The Renaissance established the dignity of man. The Industrial Revolution established the unity of nature. Each was a step, a stride in the ascent of man. The spiritual revolution associated with the precursors of the Bab, Shaykh Ahmad and Siyyid Kazim(1753-1844), was one whose implications the world has yet to even dimly appreciate.
Ron Price with thanks to Jacob Bronowski, The Ascent of Man, BBC, London, 1973, p.286.
While you1 were growing, hatching
and dreaming your dreams, sweeter
than honey was His venom on your
lips, the world was changing through
revolutionary forces, unknown to you,
to anyone: a great sense of oneness of
nature, all in all, power, gushing, flowing,
growing, new passions for knowledge,
as if the world was impregnated, not just
in your hinterland of Bahrain, fertilized by
your sublime detachment, not just in England
in its aristocracy of working talent where the
working class had always been in poverty and
darkness, not just in France where new men
were knocking at the door. A heroic age had
been born: a liberation from hunger, dirt and
disease. Private decency at last, man a carrier
of a divine spark capable of delight, capable of fun.
8 February 1998
1 Shaykh Ahmad was born in 1753 in the hinterland of Bahrain in what is now Saudi Arabia.
A DREAM OF STONE
Another poem Baudelaire wrote was called Beauty which begins with the opening line:
Conceive me as a dream of stone. In my poem below, taking the lead of this line from Baudelaire, I imagine myself as a 'dream of stone' in the Bahá'í gardens in Haifa.
-Ron Price, See Reverse Side for Baudelaire's Poem.
Conceive me as a dream of stone,
my breast with mortals, quite alone,
who find they prompt this poet's love,
part of this holy place, its peace, above.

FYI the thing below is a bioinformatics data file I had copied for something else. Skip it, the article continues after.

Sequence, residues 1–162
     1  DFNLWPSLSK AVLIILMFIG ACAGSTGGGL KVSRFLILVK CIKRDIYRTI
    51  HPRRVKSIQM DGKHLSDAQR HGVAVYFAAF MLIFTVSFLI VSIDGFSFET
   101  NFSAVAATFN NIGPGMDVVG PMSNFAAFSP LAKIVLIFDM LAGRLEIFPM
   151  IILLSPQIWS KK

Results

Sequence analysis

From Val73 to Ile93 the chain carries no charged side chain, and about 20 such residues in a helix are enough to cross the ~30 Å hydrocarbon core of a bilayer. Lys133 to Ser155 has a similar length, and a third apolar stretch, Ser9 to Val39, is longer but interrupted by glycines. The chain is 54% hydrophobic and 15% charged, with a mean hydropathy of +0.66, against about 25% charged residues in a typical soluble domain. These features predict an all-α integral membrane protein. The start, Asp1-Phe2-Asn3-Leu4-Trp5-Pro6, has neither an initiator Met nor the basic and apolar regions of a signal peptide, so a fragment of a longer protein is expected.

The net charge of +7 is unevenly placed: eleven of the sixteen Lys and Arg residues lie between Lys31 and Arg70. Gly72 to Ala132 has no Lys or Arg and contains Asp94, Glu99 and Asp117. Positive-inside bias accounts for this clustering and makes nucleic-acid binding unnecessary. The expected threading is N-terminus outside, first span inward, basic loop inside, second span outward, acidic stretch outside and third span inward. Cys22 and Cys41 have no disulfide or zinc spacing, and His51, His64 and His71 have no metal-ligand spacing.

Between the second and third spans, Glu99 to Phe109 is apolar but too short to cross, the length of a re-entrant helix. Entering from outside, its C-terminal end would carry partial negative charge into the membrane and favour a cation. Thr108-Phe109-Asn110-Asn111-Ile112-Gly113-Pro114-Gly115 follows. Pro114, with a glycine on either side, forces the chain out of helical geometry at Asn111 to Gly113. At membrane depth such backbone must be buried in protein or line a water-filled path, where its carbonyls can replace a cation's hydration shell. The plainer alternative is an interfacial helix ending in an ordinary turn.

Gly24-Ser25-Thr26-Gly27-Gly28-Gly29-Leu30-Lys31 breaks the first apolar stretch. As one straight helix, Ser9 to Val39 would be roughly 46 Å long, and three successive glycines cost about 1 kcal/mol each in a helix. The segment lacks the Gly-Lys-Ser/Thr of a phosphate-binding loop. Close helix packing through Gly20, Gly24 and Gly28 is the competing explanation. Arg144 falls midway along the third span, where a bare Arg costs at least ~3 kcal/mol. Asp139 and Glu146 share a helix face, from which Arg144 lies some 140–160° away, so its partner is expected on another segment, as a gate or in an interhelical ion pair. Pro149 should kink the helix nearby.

You'll find me near a terraced curve,
a marble pillar, blood and nerve.
I never laugh; I never weep.
Peace at last, eternal sleep.
In studious awe others brood,
before this monumental good,
now enshrined in timeless light,
frozen in words of might and right.
At last I've come to sit on high,
looking down from far off sky.
I see these sacred precincts, dust,
terraced gardens, holiness. It must
endure forever down time's lane,
producing worlds quite free of pain.
This place where angels dance and sing,
unknown to men who daily bring
devotion, love and prayers like rain.
23 May 1998
A FLICKERING PRESENCE
Randall Jarrell says that he "learned all there is to know about one woman" in the three volumes of Emily Dickinson's poetry published in 1955. He found there an "almost intolerable intimacy" in which experience was expressed "at its most nearly absolute." Dickinson, he said, was daemonic, ridiculously human, entirely immortal. Her poems are worth more than anyone is ever likely to pay for them. If one is interested in the essentially mystic quality of religion, one could do no better than study this poetic, mystic genius. This is what poems written by such a genius should be like.
-Ron Price with thanks to Randall Jarrell, "The Year in Poetry", Harper's, October 1955.
She's a flickering presence
on whom I attempt again
my profound engagement,
my imaginative reconstruction,
to crystallize my attitudes to
her investment in this single
reader, her unfinished poems,
her linguistic enactments,
her love of the soul's
endurance, her love of
reading—its bodily, highly
affective sensations, emptying
out of the articulate self for
the sake of the Other.
21 June 1998
A FORTY YEAR BIO-RHYTHM
Whatever the believer's local conditions the celebration of a Feast is an experience of collectivity, even if he is alone. Imagination's light brings to that believer an energy and creativity associated with a century long process of beautification and spiritualization on Mt. Carmel. He is conscious of a century-long, virtually uninterrupted, period of divine guidance and an acceptance from this sacred spot; he has access to a fascinating, global and historic experience. He is not alone. He is part of a glorious convergence, an arena of democracy, a gift-giving of thought.